And, I know what you’re thinking, hey, but this is step 5, you’re the one who told me to do all that other stuff first. And, you’re right, I did, but I was wrong. In actuality, it’s probably best to start thinking about financing during step one, when you’re researching your goals and location.
You can’t start making offers if you don’t first have a good idea of how you’ll be paying the amounts you’re writing down!
Fortunately, when buying a single family rental home, you have several financing options at your disposal:
As with every other step in this recipe, determining the best way to finance your single family home is largely dependent on your personal goals, needs, and desires.
In any case, explore all these options to determine which is best based on your goals, available capital, and preferred investment model.
The final step has arrived, it’s time for you to sign that check and buy that house.
Should be easy, right? Even this part has its twists and turns.
But, if you want to be a successful real estate investor, you need to learn to close the deal no matter what it takes. You may even have to consult a lawyer before money or keys change hands.
Closing the deal is about seeking solutions to last minute problems and getting across that finish line. And you can do it!
Now you’ve got a different race to run.
Correct and responsible property management is the final, and perhaps most important, step in your rental house acquisition cookbook.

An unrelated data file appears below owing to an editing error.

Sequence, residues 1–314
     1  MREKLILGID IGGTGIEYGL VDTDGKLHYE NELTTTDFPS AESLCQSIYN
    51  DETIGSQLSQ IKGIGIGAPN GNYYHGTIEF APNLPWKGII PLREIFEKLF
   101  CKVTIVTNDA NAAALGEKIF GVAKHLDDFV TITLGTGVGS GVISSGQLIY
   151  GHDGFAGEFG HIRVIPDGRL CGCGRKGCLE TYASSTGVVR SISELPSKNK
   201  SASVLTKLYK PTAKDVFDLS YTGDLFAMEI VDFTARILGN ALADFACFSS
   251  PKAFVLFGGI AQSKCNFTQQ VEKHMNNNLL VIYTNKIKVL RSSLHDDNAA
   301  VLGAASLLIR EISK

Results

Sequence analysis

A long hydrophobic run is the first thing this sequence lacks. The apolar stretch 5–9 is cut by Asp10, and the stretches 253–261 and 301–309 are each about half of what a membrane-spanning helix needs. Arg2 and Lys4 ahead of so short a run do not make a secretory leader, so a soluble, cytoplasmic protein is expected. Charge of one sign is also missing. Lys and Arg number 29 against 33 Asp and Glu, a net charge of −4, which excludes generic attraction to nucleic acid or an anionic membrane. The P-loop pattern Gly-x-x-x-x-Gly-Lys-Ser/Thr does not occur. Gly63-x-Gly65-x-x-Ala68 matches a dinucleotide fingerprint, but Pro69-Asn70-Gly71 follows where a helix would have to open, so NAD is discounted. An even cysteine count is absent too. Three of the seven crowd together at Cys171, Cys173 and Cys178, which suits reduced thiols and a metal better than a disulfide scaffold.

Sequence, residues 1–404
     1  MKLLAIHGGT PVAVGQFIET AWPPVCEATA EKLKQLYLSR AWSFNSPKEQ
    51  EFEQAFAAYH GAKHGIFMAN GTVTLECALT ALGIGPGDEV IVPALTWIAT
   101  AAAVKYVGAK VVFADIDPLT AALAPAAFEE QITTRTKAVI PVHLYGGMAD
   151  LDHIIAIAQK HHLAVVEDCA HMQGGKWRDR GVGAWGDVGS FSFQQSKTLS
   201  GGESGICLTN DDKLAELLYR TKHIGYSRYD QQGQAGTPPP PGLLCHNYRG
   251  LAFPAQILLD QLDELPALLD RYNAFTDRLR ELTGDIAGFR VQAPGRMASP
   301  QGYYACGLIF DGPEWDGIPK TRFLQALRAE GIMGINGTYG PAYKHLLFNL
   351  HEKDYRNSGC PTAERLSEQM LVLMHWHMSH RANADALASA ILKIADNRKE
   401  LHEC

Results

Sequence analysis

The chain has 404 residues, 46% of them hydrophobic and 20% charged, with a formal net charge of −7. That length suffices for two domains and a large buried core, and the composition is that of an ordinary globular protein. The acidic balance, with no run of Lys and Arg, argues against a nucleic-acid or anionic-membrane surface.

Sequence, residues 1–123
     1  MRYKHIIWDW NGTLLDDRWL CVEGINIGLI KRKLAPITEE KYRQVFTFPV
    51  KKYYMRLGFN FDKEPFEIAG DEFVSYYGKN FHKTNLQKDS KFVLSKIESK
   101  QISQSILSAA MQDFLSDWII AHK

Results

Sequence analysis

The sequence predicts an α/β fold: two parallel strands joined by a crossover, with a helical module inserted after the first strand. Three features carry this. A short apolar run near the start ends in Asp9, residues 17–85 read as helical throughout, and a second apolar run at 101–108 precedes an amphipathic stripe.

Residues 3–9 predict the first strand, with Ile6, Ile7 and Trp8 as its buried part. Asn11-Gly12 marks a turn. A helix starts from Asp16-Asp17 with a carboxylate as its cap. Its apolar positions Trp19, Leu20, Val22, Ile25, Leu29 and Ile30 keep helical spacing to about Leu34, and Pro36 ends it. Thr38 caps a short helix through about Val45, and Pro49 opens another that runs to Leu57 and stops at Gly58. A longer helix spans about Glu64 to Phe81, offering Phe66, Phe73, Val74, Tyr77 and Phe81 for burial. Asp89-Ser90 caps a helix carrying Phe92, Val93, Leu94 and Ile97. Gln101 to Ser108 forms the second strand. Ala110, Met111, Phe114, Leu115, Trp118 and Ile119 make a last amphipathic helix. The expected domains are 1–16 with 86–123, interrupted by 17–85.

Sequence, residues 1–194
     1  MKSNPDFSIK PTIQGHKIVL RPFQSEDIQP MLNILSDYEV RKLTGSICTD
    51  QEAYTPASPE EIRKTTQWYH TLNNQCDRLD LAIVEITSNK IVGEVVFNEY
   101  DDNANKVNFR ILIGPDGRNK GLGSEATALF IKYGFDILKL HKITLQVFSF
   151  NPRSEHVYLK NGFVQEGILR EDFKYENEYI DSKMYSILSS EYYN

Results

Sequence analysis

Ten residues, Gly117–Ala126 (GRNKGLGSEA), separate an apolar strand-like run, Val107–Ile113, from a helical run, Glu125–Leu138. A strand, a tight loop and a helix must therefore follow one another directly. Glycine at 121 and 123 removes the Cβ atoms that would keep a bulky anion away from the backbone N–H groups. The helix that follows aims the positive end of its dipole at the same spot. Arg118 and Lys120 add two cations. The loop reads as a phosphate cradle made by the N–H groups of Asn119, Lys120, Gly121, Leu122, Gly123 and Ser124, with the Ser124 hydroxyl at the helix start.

After all, if you neglect step 7, all that effort you put in during steps 1 through 6 will have all been for naught.
And, you still have choices to make:
There’s no “best choice” here, there’s only a “best choice for you”. Consider how much you value your time, and what relevant skills you have. Will you be able to effectively manage a rental home? Will you have the guts to say “no” when you need to? Will you be firm? Fair? A manager must have all these capabilities, so if you don’t feel you’re capable, find someone who is!
And, even if you do chose to go with a professional property management service, it doesn’t mean that you’ll never have to work or worry over your property again.
Because, in all honesty, your property manager may just suck.
You’ll need to keep them accountable and make sure that their service is up to your high standards. If not, you may end up paying $1500 to a contractor for a couple screws in a wall.